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A hobby is used to honor top researchers

Last Modified: December 09, 2022

People of Parkview


During the 2022 Nursing Research Symposium, Parkview leaders honored professionals who ask questions and uncover findings that can help improve their field. And while their efforts garnered them attention, so did the awards they were presented. Symposium organizers invited Danielle Payne, BSBio, MSN, RN, FNP-BC, clinical nurse researcher and program coordinator, Nursing Research & Professional Practice, Parkview Health, to create the unique glass sculptures handed out to the winners. We wanted to know more about Danielle’s craft and how she started working in the artform.

How would you describe your form of art?

I am a glass artist who works with many different types of glass, but my glass blowing experience is limited to glass ornaments and lampworking (melting glass with torches instead of a furnace). My work is primarily in stained glass, glass fusing and abrasive carving (a form of sandblasting used to carve glass). The research awards we presented at this year’s Nursing Research Symposium were fused glass sculptures.

glass art

glass art

How did you start working with glass?

I’ve been working in glass for 30 years. I learned how to do stained glass at a local business in the early ‘90s and developed advanced glasswork skills in Lansing, Michigan, and Corning in New York. I progressed to fused glass about 20 years ago.

This all started as a hobby while I worked for American Red Cross Blood Services and Tissues Services as a medical laboratory scientist and quality control specialist. I took the opportunity to open a glass art studio named GlassLink in 2002 in Fort Wayne when my medical division was moved to Wisconsin. GlassLink sold glass supplies, finished art and offered classes in stained glass, fusing, lampworking (bead making with torches) and some limited glass blowing. In 2007, I started a branch business for glass awards named GlassLink Awards. Both of these businesses were based in a storefront on Noble Drive. I closed the storefront in 2014 but continued the business at my home until this year. I still have a personal studio at home with all the equipment I need to continue working in glass.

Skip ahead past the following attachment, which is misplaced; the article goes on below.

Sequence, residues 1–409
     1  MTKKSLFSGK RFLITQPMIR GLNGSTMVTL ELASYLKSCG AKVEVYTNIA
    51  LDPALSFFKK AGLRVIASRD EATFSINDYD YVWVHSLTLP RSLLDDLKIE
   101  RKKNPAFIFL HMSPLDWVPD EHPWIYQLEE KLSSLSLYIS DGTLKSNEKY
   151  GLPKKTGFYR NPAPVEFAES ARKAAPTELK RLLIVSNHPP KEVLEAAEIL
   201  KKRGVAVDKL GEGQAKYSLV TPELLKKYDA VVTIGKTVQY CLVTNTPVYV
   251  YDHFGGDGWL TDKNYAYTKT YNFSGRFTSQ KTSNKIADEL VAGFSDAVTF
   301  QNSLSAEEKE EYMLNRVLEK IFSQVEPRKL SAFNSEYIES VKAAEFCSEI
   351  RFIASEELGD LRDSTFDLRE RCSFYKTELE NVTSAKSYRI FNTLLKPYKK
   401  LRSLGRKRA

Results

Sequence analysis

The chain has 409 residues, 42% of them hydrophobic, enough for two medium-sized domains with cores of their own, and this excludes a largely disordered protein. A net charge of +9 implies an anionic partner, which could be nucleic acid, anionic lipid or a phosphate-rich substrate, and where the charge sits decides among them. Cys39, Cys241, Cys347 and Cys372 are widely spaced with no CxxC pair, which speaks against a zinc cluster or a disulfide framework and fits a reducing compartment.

How did you become involved in the Nursing Research Symposium awards?

I went back to school in 2015 and obtained a BSN in 2017 and MSN in 2020. I have been a clinical nurse researcher and program coordinator for Parkview Nursing Research since 2019. I was on the planning committee for the 2022 Nursing Research Symposium, and when we started discussing an awards ceremony for research conducted by Parkview nurses, I volunteered to create the sculptures. Nursing Research sponsored the awards.

glass art

How many awards did you make?

We awarded:

  • First Published Research – Chest Tube Dressings/A Comparative Evaluation of Chest Tube Insertion Site Dressings: A Randomized Controlled Trial, Michelle Wood
  • Most Viewed Publication in Parkview Repository – Evaluation of prone positioning in non-intubated patients on improvement in oxygenation, Michele Kadenko-Monirian
  • Most Innovative Research – Postoperative Vital Signs: Traditional Versus Evidence Based, Linda Otis
  • Most Improved Clinical Outcomes – Evaluation of prone positioning in non-intubated patients on improvement in oxygenation, Michele Kadenko-Monirian
  • Nursing Researcher of the Year – Jan Powers
How did you come up with the final design of the awards?

I presented a few ideas, and the committee chose what I call a handkerchief vase for the award. It is either a circle or square of sheet glass, usually used for creating stained glass windows. I heat them over a stainless-steel form in a glass kiln. When the kiln reaches 1200 degrees F, the glass softens (not melts) and drapes over the mold, creating gentle folds in the glass. The kiln and glass really do all the work after I program the kiln. The kiln takes about 8-10 hours before the vases are ready. The glass drapes the same way a handkerchief would if you picked it up from the center of the square of fabric, hence the name “handkerchief vase.”

Congratulations to all of the Nursing Research Symposium winners, who will enjoy this hand-crafted piece of art as a reminder of their efforts for years to come.



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